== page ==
The concept of Superman, at its core, is that of a god. He is a supernatural, infallible being who protects and serves humanity at a level that would be impossible for any other singular person. However, behind Superman, exists a man. Clark Kent, the humanity which motivates Superman, drives him to be the hero, has became such a cultural milestone. Due to this, Clark is where most of the internal conflict originates throughout the various iterations of the character, since his conception in 1938. A large portion of this conflict is derived from these conflicting personas. Clark, a humble, kind child of farmers from Kansas, and Kal-El, the superpowered ‘Last Son of Krypton’, battle for dominance in the life of Superman. His attempts to balance these two identities is what creates the majority of his internal struggle.
These identities represent the two worlds, the two origins, he has to balance. On the one hand, Superman is a farm boy from Smallville. The only son to his parents, he is a quiet reporter, an All-American father and loving husband. On the other, he is Kryptonian. He is one of two survivors of his home planet, and depending on the specific run, the sole owner to the knowledge of Krypton. He exists in an ever-present struggle between his lived history: the knowledge of where he has come from, and the knowledge that he will never truly experience the land which he is supposed to call ‘home’.
This struggle is one faced by many who immigrated at a young age, particularly those who were adopted into their new home, as Clark was. This has not gone unnoticed by writers either, many new recent issues depict Superman protecting and aligning himself with immigrants faced with violence or deportation to violent or unfamiliar lands. As well as this, fans and creators alike have taken to referring to Superman as a “DREAMer”, a young immigrant who is fully assimilated to American life by adulthood, who arrived to the United States without documentation, and followed the specific “DREAMer” path to gain citizenship.
Superman’s Kryptonian identity remains a background feature throughout his multiple iterations, creating internal drama surrounding his guilt for not engaging with it enough in his day to day life. Writers typically alternate between neglecting visits to the centre of Kryptonian history on Earth, and most recently, his internal debate over how much of his Kryptonian identity he wishes to pass on to his half-Kryptonian son, Jonathan. However, these underlying conflicts are ever present as moments for introspection in an otherwise action heavy comic. This conflict is seen far more clearly in one of Superman’s main companion comics, Supergirl.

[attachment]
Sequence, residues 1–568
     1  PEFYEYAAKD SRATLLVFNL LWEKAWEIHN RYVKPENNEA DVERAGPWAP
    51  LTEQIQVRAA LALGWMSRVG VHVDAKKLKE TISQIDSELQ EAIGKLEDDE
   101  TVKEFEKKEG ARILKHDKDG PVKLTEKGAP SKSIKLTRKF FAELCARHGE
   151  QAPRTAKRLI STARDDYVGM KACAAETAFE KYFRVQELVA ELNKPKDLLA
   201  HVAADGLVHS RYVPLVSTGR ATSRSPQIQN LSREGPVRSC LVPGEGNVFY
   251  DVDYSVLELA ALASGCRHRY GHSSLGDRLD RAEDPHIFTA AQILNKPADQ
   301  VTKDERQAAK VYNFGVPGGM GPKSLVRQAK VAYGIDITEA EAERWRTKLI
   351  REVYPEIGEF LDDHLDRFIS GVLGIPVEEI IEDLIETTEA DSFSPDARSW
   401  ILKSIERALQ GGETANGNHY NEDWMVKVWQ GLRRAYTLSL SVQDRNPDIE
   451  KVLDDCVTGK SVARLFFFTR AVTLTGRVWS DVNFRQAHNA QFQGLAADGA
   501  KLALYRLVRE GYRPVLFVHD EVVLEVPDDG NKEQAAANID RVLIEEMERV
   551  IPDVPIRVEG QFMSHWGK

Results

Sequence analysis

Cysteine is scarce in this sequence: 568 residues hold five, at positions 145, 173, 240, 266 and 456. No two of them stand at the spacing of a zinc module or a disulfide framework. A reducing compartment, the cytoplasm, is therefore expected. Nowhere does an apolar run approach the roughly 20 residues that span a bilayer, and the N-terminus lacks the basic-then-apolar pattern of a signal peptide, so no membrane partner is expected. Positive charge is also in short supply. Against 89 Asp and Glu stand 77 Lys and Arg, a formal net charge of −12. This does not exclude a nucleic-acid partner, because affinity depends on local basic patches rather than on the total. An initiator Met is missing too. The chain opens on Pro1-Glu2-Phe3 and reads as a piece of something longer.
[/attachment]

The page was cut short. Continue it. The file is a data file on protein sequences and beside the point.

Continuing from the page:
Supergirl, which tells the stories of Kara Zor-El, Clark’s elder cousin and the ‘last daughter of Krypton’, is typically depicted as arriving to Earth five to ten years after the emergence of Superman. Clark typically being in his mid-to-late twenties at the time of her arrival. She is in her late teens when we first encounter her, escaping Krypton upon its demise. Immediately, she struggles to find a place in this new and confusing world she finds herself in. She cannot speak the language, has no friends or support network, and her only existing family is twenty-five to thirty years older than she is. Her story is that of a struggle for assimilation, of the complexities of finding your way in a nation you have no idea how to navigate or how to communicate in. Due to this, Kara struggles to find a place on Earth while still maintaining her heritage, an intrinsic part of herself. To her, to give up her heritage is to give up Krypton, a land to which she can never return. This struggle is absent from Clark’s story, as he grew up in the heartland of America, only discovering his heritage later in life.
Both narratives are easily discernible, as are the complexities of the aftermath of immigration, the settling and the settled, those who are detached from their heritage by circumstance and those who have to find a way to balance it with their new life. It serves to create internal tension for the work, to create a more rounded story than ‘Godlike Character Saves the Day #978’, by adding a level of political commentary that comics are seldom without. Without this, the stories would never have withstood the test of time and would likely have faded into obscurity, along with countless other superhero stories which lacked the internal conflict to make their tale eternal.